Cardi B and Offset's baby joins Hollywood's club of weirdly named kids

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People are fascinated by celebrities’ strange names for their children. Major female rapper Cardi B gave birth to a daughter on July 11. The name she and fiancé Offset came up with? Kulture Kiari Cephus. A number of fans have already taken to their social media accounts to welcome baby Kulture, the only way Twitter can.

Desperation for originality

The peculiar world of celebrity baby names is an unending source of amusement for us ordinary people and often the more bizarre the name, the more engaging we find it.

There is desperation for originality among the rich and famous that manifests itself in peculiar ways where their progeny is concerned.

Sylvester Stallone chose Moonblood Sage for his eldest son, who died in 2012 at the age of 36. Erykah Badu named her first born Puma Sabti Curry - her half-brother is Seven Sirius Benjamin. Many found Mariah Carey and Nick Cannon an odd couple but when they named one of their twin tots Moroccan, it cemented the duo’s peculiarity.

Countries ban bizarre names

Perhaps to deter commoners from taking a cue from their idols, various countries around the world have legislated against strange baby names.

In France, birth certificate registrars are entitled to inform the courts if they feel a name will condemn an unfortunate newborn to a lifetime of suffering. Nutella, Prince William and Mini Cooper are among the names that have been outlawed officially.

Germany won’t allow gender-neutral names, which is surprising given the state’s otherwise liberal outlook on LGBTQI+ issues.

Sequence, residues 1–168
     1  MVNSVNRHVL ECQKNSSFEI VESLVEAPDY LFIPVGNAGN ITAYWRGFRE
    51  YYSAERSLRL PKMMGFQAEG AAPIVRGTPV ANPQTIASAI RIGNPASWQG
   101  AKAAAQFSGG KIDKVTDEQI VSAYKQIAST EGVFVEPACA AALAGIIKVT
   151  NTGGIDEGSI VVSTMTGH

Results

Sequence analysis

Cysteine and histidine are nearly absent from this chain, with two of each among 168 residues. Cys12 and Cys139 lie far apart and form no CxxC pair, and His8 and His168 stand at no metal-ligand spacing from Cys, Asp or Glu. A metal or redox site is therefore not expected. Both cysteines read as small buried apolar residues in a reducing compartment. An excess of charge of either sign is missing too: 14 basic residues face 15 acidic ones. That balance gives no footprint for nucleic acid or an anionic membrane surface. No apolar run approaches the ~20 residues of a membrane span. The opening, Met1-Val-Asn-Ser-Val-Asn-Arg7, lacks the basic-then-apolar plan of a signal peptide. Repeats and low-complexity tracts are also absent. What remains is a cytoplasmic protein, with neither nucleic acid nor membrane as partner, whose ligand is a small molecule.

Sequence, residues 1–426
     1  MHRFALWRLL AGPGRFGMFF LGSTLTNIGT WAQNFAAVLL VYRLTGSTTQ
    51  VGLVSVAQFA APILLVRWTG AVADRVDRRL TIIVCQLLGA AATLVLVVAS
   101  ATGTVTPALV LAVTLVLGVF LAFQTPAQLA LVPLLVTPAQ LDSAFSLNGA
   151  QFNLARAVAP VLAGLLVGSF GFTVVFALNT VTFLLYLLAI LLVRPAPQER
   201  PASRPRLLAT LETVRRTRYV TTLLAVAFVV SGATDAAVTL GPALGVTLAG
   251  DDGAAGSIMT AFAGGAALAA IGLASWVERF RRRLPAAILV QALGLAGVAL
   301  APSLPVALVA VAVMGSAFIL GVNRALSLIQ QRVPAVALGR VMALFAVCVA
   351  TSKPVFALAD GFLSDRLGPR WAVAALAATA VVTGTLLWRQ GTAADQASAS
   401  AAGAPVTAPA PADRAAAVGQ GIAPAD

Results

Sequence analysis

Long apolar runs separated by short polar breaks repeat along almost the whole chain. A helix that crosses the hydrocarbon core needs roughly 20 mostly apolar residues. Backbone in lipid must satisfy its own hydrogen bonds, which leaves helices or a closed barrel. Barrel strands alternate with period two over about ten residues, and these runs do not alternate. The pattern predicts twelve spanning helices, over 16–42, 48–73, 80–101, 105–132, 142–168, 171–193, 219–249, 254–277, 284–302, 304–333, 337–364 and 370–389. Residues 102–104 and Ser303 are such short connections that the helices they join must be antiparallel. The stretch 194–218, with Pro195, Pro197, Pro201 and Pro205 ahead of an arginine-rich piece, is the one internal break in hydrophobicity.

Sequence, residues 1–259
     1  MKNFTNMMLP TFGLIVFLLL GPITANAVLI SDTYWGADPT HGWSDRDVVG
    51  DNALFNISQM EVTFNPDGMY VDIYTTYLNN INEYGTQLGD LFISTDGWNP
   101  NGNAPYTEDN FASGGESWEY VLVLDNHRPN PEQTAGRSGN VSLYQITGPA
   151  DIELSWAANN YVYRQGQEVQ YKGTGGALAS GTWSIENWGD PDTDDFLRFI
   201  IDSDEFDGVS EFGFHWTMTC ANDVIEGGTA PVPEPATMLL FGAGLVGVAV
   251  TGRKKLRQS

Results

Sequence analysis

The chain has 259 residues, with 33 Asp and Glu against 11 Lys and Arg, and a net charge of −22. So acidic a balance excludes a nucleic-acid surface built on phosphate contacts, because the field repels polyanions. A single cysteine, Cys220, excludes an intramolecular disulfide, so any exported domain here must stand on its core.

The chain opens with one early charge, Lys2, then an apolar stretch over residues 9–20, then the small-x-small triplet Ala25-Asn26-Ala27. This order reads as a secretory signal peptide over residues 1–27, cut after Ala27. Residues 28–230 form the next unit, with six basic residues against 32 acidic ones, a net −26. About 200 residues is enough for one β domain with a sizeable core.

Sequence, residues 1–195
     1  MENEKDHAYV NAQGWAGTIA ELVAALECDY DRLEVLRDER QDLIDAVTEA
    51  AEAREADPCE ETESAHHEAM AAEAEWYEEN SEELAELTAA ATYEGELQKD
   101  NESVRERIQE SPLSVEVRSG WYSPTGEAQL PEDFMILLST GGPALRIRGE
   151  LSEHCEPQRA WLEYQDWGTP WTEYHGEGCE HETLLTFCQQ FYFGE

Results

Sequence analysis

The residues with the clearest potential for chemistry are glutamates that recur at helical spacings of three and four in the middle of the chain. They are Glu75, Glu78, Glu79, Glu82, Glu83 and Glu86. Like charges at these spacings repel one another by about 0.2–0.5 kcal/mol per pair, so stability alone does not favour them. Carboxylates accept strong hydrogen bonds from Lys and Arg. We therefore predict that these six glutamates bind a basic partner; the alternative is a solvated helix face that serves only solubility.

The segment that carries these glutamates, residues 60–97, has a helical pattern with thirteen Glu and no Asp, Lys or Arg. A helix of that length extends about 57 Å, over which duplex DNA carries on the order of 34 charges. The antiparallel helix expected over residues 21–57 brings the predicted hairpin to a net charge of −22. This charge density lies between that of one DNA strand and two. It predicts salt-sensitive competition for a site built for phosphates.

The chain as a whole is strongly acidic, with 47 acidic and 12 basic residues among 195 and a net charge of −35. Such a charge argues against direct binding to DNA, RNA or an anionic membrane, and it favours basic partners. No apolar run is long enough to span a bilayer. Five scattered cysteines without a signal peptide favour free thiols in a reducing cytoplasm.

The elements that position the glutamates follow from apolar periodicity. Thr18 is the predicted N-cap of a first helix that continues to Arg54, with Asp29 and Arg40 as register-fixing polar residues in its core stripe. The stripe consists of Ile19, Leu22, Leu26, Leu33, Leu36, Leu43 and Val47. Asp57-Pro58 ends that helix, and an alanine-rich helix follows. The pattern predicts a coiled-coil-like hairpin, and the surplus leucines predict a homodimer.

On the plus side, though, it also prohibits parents from naming their children Adolf Hitler, Osama bin Laden and Stompie.

Iceland’s rules are particularly strict. Unless both parents are foreign, the baby’s name must accord with the structural and alphabetic systems indigenous to the country. This means no Cs, Qs, or Ws are allowed in names, since these do not occur in the Icelandic alphabet.  

South Africans have a fairly eclectic tradition of nomenclature, relative to the rest of the world. In 2016, Junior was recorded as the most popular name for boys, with Blessing and Gift as runners-up. In the same year, Precious and Princess predominated in the girl’s department.

In fact, I’d posit the recent surge of royal names in the US – such as Kourtney Kardashian’s son Reign and rapper Tyga’s King – are way behind the times, by local standards.

Additional reporting by Thango Ntwasa

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